5 Ways to Make Wearing Heels a Comfortable Experience

There's no doubt that we all love putting on our sassiest high heels from time to time. But how can you strut with confidence when you're stumbling over aching feet? For years, women everywhere have suffered through the pain of wearing high heels in the name of fashion. After all, beauty is pain, right?!

Not anymore! We've done the research and found the 5 best ways to make your favorite high heels feel more like a walk in the park than walking on hot coals. Try one or try them all—these cures will put an end to your high heel horrors.

1. Water and lotion

Though unconventional, shoe expert Meghan Cleary reported on Who What Wear that running feet under cold water and moisturizing them while they are still damp is an easy (and free!) way to prevent painful rubbing and blisters that often occur while wearing heels. Your feet should be damp when you put your shoes on—not wet!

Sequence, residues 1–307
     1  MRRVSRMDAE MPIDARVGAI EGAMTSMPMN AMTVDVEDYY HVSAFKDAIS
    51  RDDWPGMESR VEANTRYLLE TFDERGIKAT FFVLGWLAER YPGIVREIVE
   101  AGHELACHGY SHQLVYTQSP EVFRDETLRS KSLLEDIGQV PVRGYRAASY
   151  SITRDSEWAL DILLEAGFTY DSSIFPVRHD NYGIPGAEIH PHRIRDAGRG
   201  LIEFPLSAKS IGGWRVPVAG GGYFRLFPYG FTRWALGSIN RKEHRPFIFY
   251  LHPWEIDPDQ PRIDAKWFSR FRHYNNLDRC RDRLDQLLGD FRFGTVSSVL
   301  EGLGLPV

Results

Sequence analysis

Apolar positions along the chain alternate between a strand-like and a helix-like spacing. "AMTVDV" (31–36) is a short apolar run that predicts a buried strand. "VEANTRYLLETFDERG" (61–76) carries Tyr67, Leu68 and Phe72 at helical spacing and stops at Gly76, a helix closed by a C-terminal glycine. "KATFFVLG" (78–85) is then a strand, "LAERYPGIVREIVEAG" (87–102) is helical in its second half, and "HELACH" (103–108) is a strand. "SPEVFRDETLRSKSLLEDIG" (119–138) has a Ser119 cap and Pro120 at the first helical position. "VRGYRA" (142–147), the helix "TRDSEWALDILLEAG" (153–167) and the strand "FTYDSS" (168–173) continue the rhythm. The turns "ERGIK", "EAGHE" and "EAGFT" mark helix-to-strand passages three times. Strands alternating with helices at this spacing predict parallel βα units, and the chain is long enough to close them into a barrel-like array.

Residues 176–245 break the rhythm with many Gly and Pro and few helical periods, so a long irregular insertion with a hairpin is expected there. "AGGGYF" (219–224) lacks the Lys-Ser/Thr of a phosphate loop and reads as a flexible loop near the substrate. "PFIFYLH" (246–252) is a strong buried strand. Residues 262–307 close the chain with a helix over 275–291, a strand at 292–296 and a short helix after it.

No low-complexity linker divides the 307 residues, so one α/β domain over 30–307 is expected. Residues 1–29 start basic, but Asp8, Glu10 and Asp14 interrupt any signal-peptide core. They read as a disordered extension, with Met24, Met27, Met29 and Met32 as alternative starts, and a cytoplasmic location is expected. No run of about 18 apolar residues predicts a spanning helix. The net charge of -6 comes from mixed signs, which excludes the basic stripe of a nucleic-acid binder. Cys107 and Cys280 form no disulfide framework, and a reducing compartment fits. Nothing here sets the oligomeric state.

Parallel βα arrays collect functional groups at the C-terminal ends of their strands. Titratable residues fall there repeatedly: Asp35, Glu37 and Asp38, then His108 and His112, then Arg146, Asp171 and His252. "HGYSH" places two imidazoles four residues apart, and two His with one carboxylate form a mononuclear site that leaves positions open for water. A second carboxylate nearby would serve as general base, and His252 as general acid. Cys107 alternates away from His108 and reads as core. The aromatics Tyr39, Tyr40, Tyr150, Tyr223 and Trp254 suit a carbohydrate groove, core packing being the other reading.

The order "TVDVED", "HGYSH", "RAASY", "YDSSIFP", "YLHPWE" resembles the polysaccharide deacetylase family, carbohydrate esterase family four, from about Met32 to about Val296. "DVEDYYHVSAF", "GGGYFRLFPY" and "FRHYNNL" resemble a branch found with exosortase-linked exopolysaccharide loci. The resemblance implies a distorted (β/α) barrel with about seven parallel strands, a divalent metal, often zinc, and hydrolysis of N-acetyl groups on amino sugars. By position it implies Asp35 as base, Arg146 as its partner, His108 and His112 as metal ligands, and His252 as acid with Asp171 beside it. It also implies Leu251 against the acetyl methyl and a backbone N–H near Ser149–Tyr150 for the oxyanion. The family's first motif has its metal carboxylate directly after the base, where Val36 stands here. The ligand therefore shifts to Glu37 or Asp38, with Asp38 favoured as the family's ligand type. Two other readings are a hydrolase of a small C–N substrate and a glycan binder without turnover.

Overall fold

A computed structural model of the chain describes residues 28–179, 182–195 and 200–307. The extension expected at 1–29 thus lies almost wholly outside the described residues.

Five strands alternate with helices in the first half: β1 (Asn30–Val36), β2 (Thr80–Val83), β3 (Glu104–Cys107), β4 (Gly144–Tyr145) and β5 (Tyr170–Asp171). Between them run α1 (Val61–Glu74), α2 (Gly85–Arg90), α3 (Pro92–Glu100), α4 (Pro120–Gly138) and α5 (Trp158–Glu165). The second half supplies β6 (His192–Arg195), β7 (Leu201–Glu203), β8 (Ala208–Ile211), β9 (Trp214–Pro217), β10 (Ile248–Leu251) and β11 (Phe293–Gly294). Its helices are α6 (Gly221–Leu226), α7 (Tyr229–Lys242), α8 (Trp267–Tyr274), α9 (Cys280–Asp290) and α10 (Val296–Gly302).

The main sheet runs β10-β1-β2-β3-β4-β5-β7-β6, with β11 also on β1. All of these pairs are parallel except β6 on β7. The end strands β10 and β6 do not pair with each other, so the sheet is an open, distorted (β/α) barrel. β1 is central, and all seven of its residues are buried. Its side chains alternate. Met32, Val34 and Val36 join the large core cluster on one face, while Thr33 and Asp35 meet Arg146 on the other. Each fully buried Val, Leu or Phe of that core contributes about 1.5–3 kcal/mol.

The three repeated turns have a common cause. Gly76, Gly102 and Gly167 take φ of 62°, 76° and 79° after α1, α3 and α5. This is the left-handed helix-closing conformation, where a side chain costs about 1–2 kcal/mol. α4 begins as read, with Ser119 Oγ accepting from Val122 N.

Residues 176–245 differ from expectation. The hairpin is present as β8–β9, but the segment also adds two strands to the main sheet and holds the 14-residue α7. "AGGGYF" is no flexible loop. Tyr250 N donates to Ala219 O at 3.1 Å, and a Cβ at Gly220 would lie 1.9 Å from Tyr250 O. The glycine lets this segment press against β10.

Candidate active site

2. Gel insoles 

This simple trick can easily fix multiple high heel problems. They prevent toes from scrunching into the box to save you from painful blisters, while providing vital arch support to help even out the pressure across your foot. Try Dr. Scholl's for Her High Heel Insoles ($17.89)! 

3. Give your feet a break

This goes without saying, but give your feet a break during your commute before and after work! Or, if you are planning on wearing heels for a night out, opt for flats during the day, so your feet aren't already in pain before you hit the town.

4. Wear heels with ties or straps

How annoying is it to have your heel slip out of the back of your shoe with every step you take? Heels with straps keep the shoe securely fastened to your feet, while preventing swelling with a good fit.

5. Pick the right shape

Lucky for us, platform sandals have come back in style, providing optimum comfort while keeping in line with the latest fashion trends. A rounder toe box also helps to assure comfort, although that doesn't mean you have to discard your favorite pointed-toe heels just yet! As long as the point stretches out (instead of stopping right where your toes would rest), you should be good to go, pain-free.